watch cat /proc/mdstat
After it has synced, we are now told to format md0 with the instruction (if you are reinstalling disks that were in a previous Raid 1 configuration and you do not wish to destroy their content, skip this step):
sudo mkfs -t reiserfs /dev/md0Okay, so what is the option -t reiserfs all about? On to the man pages for mkfs. Ah, reiserfs is an fstype. It tell us there are lots of different types of formating from which we can choose. Questions that occur: what are the options and which should I choose? Using google again on mkfs, I found Q&A pages noting that the types are indicated by choosing among installed programs of the form mkfs.fstype so I ran
sudo locate mkfs\.to see what was in my system of that form. A list popped up that included ext2, ext3, and so forth but no reiserfs. Back to google. The best page I found to give me clues as to which to choose is in the useful web pages at the start of this page. First of all one wants a type that has journaling. Journaling says that if the system powers down suddenly and not nicely, one can power up and the system can directly recover the disk without me having to ask it to fix up all the inconsistencies it is finding. Yes, I want that. ext3 and reiserfs have journaling. I finally found a statement that said feiserfs is a good choice and a newer type than ext3. So, I chose reiserfs. Now does it exists?
I ran the instruction as advised
sudo mkfs -t reiserfs /dev/md0and sure enough reiserfs existed and ran successfully. Okay, I could have just done what I was advised, but I felt better about knowing why.
The next instruction is to edit the /etc/fstab file with the apology that he was not going to tell us how to do that. Okay, his instructions have been great, and I can figure this out myself. Back again to google and up pops a really excellent website on fstab (see above). It directed me to a page on mount which I also read (I read it first, as advised). I found these two pages to be to the point and very easy to follow. All of a sudden I understood the mount instruction, and fstab no longer seemed a mystery. Basically, for our needs here you can mount a partition on a disk at a mount point that is any existing directory in your system (apparently even a directory that has things in it - not tested). That directory will be the root of the mounted partition, and, while mounted, the previous content of the directory is hiding from view. md0 is a partition. sdb1 is a partition on the hard disk sdb, and so forth.
To check out my understanding, I decided to mount md0 manually at /back (I have my reasons for this name, but they are irrelevant here). /back has to exist so I first ran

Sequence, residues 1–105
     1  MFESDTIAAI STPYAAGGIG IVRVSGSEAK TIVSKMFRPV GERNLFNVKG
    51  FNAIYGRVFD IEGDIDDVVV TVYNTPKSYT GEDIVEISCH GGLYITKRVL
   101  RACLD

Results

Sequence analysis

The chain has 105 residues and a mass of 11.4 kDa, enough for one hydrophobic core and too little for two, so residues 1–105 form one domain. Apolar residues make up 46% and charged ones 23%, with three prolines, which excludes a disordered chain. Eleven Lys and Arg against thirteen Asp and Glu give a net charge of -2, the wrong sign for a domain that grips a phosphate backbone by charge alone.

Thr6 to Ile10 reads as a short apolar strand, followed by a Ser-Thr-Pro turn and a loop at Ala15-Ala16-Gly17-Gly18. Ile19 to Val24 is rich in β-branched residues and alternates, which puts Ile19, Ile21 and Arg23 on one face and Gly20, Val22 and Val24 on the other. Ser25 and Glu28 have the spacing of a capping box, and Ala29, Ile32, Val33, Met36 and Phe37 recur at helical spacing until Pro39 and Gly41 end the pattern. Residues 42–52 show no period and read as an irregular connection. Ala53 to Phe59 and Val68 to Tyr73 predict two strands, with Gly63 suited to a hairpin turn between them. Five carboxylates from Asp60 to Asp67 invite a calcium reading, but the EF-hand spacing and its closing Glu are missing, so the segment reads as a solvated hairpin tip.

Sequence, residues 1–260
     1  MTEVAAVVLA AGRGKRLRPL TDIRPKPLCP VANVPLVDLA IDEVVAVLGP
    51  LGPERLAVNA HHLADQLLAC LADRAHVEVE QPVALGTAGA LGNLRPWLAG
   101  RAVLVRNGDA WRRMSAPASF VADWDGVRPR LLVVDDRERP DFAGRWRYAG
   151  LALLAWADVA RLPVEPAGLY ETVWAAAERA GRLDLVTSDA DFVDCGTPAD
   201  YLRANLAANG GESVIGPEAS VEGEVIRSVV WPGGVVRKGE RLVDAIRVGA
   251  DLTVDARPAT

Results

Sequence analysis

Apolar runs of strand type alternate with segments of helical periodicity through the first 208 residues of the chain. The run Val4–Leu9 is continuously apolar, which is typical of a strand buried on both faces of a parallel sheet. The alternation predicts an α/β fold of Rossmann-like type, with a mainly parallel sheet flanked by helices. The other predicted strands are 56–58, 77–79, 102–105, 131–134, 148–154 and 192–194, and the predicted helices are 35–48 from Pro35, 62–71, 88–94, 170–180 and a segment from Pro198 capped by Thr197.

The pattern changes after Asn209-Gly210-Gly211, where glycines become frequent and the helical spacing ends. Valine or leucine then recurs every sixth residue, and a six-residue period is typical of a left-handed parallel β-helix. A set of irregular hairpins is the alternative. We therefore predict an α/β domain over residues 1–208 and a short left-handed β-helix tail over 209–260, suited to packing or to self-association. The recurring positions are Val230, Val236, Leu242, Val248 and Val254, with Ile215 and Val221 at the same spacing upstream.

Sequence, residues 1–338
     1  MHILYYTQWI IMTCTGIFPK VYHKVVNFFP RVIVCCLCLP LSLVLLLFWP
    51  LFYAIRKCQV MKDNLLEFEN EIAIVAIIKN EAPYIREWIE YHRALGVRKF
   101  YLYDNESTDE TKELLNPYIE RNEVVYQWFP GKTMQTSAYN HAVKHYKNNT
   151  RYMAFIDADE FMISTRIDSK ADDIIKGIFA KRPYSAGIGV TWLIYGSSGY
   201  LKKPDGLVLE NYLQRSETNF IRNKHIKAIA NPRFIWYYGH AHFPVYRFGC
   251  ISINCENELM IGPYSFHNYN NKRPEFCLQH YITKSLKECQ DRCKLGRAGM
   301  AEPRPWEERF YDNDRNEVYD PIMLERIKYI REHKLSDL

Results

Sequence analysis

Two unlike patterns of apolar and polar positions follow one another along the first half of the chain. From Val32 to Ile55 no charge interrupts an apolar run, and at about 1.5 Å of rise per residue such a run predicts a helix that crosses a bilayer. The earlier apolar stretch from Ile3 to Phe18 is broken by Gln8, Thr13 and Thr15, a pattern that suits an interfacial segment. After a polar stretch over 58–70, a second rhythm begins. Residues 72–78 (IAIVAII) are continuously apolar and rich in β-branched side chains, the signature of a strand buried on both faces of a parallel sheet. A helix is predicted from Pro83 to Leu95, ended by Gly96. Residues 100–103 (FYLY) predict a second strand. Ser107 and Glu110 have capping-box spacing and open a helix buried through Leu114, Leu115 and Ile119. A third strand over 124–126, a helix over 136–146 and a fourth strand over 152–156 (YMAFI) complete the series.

sudo mkdir /backand then I mounted md0 with the instruction
sudo mount /dev/md0 /backRunning the instruction
dflisted md0 as having the mount point /back, so everything seems to have worked. Armed with this general feeling of success, I added the following line to my /etc/fstab. You need to read about fstab in the above web page to see what auto, defaults and the two zeros are all about. The first two arguments are those for running the mount instruction.
/dev/md0 /back auto defaults 0 0fstab is a file that tells the operating system which disks to mount automatically when restarting the system. The mount instruction it will run is
sudo mount /dev/md0 /backSo, if you are really curious that this restarting works and if you will not spoil it for anyone else who may be on your computer at this time, you could restart your computer and then run
dfagain. md0 should be there at the mount point called /back.
Putting things on your Raid diskNow it up to you to put things on md0 that you wish to be on your raid 1 disk. It seems most people put /home there (which makes complete sense). You can do this easily by tarring up the contents inside /home as the superuser (you need to be, and doing so guarantees file and directory ownership stays unchanged), umounting md0, remounting md0 to the mount point called /home, and untarring the contents of /home inside this directory.
As we are running a server with MySQL running, it made sense to grab the files in /var/lib/mysql and put them there, too. But a word of warning. DO NOT put the whole directory /var onto the Raid disk. The sudo instruction that you need to move things around as the superuser first looks in /var for information, and it also writes back in there. You will almost certainly "mv" it to put it aside for a moment, and /var will no longer exist. sudo will no longer work. Ouch!! And you need to be the superuser to "mv" it back while attempting in full panic to rescue yourself from your not-so-clever misstep. Yes, I got bitten, and I had to take my install disk for ubuntu 6.10 to the machine and use the rescue facilities on it to put /var back in place.
Note, I did not partition the raid 1 disk so I could have several mount points. As I have not played with this option (I did not want it), I offer no comments on how to do that.